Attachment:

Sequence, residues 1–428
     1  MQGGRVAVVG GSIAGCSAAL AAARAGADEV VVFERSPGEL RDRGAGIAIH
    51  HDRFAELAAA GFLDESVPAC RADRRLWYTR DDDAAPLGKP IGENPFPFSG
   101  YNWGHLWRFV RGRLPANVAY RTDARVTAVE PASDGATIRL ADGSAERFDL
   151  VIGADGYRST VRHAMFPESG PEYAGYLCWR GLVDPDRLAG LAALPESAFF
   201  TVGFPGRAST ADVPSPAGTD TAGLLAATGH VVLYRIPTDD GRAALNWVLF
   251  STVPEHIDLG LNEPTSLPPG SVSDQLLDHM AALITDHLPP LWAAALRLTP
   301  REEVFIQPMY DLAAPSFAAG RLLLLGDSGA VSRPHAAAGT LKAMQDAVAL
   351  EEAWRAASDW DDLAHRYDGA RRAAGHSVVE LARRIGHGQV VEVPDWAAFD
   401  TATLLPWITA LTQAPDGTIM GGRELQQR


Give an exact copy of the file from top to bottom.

Sequence, residues 1–428
     1  MQGGRVAVVG GSIAGCSAAL AAARAGADEV VVFERSPGEL RDRGAGIAIH
    51  HDRFAELAAA GFLDESVPAC RADRRLWYTR DDDAAPLGKP IGENPFPFSG
   101  YNWGHLWRFV RGRLPANVAY RTDARVTAVE PASDGATIRL ADGSAERFDL
   151  VIGADGYRST VRHAMFPESG PEYAGYLCWR GLVDPDRLAG LAALPESAFF
   201  TVGFPGRAST ADVPSPAGTD TAGLLAATGH VVLYRIPTDD GRAALNWVLF
   251  STVPEHIDLG LNEPTSLPPG SVSDQLLDHM AALITDHLPP LWAAALRLTP
   301  REEVFIQPMY DLAAPSFAAG RLLLLGDSGA VSRPHAAAGT LKAMQDAVAL
   351  EEAWRAASDW DDLAHRYDGA RRAAGHSVVE LARRIGHGQV VEVPDWAAFD
   401  TATLLPWITA LTQAPDGTIM GGRELQQR